Old Town’s Athenaeum Aims to Nurture Your Inner Artist

Athenaeum

In good taste: Visit the Athenaeum on Feb. 10 for a special red wine and chocolate tasting event conducted by experts from the Washington Wine Academy. (NCinDC via Flickr)

According to the Merriam-Webster Online Dictionary, the word “Athenaeum” originally meant a school in ancient Rome that was used for the study of arts.

While the Athenaeum in present-day Old Town Alexandria is not a school in the traditional sense, as home to the Northern Virginia Fine Arts Association (NVFAA), it can indeed teach us all a thing or two about art, starting with the building itself. The Athenaeum has a colorful history, with the NVFAA site claiming it as “one of only two” examples of classical revival architecture in the City of Alexandria.

According to their mission statement, the NVFAA “is dedicated to the pursuit of excellence in all forms of art, and to establishing programs that will enrich the cultural life of Northern Virginia and the surrounding metropolitan area.”

[ Related: Hear the Siren Call of the Arts at Glen Echo Park ]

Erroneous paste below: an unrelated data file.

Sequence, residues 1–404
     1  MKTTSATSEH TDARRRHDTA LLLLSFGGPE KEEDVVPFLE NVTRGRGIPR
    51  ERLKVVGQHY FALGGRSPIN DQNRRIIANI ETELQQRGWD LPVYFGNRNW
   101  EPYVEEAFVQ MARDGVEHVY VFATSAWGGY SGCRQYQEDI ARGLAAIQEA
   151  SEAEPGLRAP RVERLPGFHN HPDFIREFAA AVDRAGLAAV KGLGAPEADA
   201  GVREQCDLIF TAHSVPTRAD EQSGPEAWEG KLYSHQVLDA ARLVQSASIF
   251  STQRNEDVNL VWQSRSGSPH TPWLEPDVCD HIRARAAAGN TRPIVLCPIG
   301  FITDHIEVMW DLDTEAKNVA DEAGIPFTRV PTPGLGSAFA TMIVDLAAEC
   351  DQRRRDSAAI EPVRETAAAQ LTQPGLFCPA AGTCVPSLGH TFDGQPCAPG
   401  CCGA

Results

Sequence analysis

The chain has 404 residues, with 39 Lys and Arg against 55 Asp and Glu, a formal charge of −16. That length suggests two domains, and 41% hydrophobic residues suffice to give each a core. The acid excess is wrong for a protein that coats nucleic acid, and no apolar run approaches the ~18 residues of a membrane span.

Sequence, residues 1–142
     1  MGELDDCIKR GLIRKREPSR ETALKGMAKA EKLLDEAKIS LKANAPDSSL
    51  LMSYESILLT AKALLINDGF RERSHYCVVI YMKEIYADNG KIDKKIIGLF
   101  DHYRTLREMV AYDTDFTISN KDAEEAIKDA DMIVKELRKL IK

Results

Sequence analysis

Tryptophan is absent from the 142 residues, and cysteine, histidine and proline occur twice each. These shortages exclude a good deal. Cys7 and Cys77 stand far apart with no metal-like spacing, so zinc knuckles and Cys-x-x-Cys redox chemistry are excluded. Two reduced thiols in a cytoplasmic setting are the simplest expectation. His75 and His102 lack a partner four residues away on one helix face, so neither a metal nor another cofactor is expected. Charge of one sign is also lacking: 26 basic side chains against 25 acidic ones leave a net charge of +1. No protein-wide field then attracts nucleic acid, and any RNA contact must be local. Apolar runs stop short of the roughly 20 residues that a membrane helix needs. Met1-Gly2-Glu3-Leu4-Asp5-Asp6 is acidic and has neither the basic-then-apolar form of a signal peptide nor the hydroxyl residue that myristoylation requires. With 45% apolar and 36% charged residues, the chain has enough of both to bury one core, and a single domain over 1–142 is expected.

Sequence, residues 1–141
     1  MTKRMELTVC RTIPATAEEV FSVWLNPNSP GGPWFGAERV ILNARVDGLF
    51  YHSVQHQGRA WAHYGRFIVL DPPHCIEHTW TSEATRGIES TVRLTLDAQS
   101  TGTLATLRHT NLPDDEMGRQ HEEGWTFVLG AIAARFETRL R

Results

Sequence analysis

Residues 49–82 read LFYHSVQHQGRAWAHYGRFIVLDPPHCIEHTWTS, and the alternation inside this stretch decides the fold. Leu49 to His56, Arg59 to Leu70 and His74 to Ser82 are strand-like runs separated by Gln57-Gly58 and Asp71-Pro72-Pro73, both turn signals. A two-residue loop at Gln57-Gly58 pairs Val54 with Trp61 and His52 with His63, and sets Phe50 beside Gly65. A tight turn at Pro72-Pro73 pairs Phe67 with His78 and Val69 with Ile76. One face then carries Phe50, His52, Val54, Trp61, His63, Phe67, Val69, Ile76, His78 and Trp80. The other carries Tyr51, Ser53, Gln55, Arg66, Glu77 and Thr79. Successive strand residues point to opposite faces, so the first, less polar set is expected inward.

What does this include? It includes art exhibits, lectures and demonstrations featuring regional and local artists, as well as performing arts events themselves. It also means classes in ballet, yoga and Pilates, computer instruction, and other educational programs.

The Athenaeum wrapped up presentation this month of Into the Light, an exhibition by Esther Yi and Victoria Shaheen.

In fact, the NVFAA is actively looking to showcase local artists. So any budding Picassos or Rembrandts who rent an apartment near Alexandria should have at it.

And those with a jones for art who may or may not be able to draw, paint or sculpt can always volunteer at the Athenaeum. Of course, one can always show their support by purchasing a membership.

[ Related: Renwick: America’s First Gallery Is a Work of Art on Its Own ]

The gallery is open on Thursday, Friday and Sunday from noon to 4 p.m., and on Saturdays from 1 p.m. to 4 p.m.

Like many interesting things in the D.C. metro area, the Athenaeum is accessible, about a mile from the King Street Metro station on the system’s Blue/Yellow Line. Even better, the King Street Trolley will pick you up from the Metro station and drop you off very near the Athenaeum.

There are plenty of apartments listings in the area too, check them out on Apartment Showcase. 

Scott D

Scott D

Scott is a local writer and has been with the Apartment Showcase blog since its inception in 2010.

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